As discussed, the global structure of contemporary democracy has transformed our basic understandings of politics, as many classical political functions are now essentially internalized within the legal system. However, the fact that the legitimacy of the national political system is partly detached from real citizens does not mean that the cycles of political exchange around the political system have become less vital. On the contrary, by displacing its primary source of legitimacy into the global legal system, the national political system has, in many instances, become better equipped to integrate its addressees in forms and procedures that are adequate to the complexity of their factual societal locations. In fact, once legitimated by the global citizen, the political system is able to evolve multiple articulations with the persons (citizens) in its environment, and citizens are able to exercise political agency and shape the legislative outputs of the political system in many different ways. In many instances, this gives rise to new political subjects, often of a transnational character, as transnational human rights norms separate new subjects out from the uniform body of national populations. New patterns of political agency and political subjectivity, linked outwardly to the global normative system, have become commonplace in contemporary democracies, and the basic category of political-democratic practice has been expanded. The global-legal pre-construction of democracy does not only reinforce classical patterns of democracy; it engenders decentred models of democracy, in which legislation can be stimulated by multiple actors in society.
The core insights of legal sociology have particular value for interpreting the distinctive global form of contemporary democracy. As discussed, classical legal sociology understood democracy as a political system that evolves relatively independently of the citizens that it incorporates, and which cannot be seen as the expression of a collective political subject, endowed with faculties of rational volition. Legal sociology also accorded a core role to law itself, and to rights stored in the law, as media of integration formative of democracy. These founding insights in fact persisted into the core canon of more recent legal sociology. Notably, classical legal sociology viewed the growth of democracy as a process that occurs as the political system and the legal system extend their own societal penetration, such that persons are constructed as citizens as part of a process of autonomous institutional formation, adapted to relatively expansive, individualized, differentiated societies. Most crucially, leading outlooks in classical legal sociology intuited the fabric of contemporary democracy by observing democracy as a political system that cemented itself not by solidifying general freedoms, but by reacting to plural demands for freedom, and by contributing to their distinct local institutionalization. In each of these respects, in reacting against the rationalist philosophy of the Enlightenment, early legal sociology anticipated many basic characteristics and formative processes underlying contemporary democracy.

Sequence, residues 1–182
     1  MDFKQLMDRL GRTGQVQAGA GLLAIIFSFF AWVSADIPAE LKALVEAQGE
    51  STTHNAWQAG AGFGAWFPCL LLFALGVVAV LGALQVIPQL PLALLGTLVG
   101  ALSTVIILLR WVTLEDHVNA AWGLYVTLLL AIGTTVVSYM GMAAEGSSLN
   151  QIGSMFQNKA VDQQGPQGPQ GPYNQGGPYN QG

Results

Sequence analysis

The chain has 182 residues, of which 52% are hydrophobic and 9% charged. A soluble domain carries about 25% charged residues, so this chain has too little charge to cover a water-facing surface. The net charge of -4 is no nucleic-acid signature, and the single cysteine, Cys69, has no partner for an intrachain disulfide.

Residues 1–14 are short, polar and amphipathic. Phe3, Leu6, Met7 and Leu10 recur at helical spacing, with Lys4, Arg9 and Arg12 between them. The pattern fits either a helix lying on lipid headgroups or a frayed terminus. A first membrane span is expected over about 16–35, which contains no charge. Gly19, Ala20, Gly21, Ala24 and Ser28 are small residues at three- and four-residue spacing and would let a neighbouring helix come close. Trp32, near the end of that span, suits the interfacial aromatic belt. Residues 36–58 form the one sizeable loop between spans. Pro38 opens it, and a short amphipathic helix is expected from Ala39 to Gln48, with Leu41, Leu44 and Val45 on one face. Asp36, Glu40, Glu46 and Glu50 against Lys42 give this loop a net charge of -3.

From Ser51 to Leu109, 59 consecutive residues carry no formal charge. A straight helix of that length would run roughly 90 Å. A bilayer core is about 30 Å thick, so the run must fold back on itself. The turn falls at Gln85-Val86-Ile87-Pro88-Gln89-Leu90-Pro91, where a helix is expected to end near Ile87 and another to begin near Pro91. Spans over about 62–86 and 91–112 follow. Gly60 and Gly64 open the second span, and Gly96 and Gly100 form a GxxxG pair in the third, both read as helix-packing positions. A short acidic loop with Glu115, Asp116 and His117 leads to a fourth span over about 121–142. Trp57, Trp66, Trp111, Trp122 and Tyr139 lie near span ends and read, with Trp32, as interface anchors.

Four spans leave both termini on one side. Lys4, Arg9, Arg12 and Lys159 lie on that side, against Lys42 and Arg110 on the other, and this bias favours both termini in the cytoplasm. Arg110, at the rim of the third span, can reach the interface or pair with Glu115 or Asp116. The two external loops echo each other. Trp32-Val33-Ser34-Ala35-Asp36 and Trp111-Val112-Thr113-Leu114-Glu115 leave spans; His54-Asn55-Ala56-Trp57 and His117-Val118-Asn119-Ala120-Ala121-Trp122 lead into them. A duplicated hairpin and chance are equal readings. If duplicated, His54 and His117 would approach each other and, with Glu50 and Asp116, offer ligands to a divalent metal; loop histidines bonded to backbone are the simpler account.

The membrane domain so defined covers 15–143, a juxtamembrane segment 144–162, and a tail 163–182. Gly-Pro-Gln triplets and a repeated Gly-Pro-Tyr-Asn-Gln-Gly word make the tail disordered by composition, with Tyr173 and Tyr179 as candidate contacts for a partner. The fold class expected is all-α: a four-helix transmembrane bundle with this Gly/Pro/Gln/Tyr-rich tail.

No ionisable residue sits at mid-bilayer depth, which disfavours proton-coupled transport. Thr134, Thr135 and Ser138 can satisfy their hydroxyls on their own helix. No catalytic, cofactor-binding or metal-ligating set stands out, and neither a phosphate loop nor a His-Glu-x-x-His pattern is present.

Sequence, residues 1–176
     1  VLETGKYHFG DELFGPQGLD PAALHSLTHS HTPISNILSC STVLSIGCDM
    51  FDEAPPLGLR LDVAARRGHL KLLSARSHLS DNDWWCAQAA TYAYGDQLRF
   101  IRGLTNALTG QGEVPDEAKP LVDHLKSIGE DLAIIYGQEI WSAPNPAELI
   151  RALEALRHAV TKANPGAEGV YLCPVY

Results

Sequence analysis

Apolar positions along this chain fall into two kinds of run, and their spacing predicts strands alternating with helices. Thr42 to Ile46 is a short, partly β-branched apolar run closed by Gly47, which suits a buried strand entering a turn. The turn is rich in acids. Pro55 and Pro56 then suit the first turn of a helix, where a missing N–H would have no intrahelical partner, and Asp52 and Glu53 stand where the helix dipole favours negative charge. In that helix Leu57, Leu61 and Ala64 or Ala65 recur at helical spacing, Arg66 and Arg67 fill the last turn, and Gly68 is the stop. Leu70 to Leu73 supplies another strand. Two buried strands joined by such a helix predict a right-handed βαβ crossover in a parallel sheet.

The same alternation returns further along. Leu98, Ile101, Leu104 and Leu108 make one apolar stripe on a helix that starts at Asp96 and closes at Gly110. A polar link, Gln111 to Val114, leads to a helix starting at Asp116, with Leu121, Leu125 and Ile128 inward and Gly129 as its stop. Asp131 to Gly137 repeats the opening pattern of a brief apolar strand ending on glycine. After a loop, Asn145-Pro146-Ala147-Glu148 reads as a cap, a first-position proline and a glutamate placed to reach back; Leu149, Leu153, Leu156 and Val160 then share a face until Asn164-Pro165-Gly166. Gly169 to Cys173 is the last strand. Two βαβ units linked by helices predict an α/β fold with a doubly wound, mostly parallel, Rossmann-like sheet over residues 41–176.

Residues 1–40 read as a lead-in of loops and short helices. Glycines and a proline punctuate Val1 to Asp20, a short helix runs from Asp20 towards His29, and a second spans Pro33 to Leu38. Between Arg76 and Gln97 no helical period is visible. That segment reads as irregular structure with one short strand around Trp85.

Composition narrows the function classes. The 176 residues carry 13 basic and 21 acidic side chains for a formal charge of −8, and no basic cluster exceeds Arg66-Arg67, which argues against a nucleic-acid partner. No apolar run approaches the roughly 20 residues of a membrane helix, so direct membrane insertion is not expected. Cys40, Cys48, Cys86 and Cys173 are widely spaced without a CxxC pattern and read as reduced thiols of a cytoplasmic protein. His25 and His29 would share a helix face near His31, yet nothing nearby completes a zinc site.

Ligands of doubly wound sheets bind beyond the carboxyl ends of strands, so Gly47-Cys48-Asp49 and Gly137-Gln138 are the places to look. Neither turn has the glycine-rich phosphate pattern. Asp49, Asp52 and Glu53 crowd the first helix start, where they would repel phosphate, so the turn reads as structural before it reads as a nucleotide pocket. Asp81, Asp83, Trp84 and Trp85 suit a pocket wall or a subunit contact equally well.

Contra the intuitions of classical legal sociology, however, the patterns of institutional formation that underpin democracy only finally approached reality as national political systems internalized an idea of the global citizen, and as they generated a legal construction of the national citizen through global human rights law. Early legal sociology viewed the construction of democracy as a process in which an institutional system was created that was capable of performing integrational functions for modern society, after the dissolution of the local patchwork form of early modern social orders. Most sociologists concluded, then, that democracy had to be held together by distinctively political patterns of rationality, expressed by the state, so that the state became the integrational fulcrum of society. In fact, democracy was constructed as the political system looped its exchanges through the global legal system, so that the primary addressee of the political system – the citizen – was partly formed in global law. Broadly, the institutional shift from the political system to the legal system, in which the political system becomes a secondary component of the legal system, is the most essential precondition of contemporary democracy.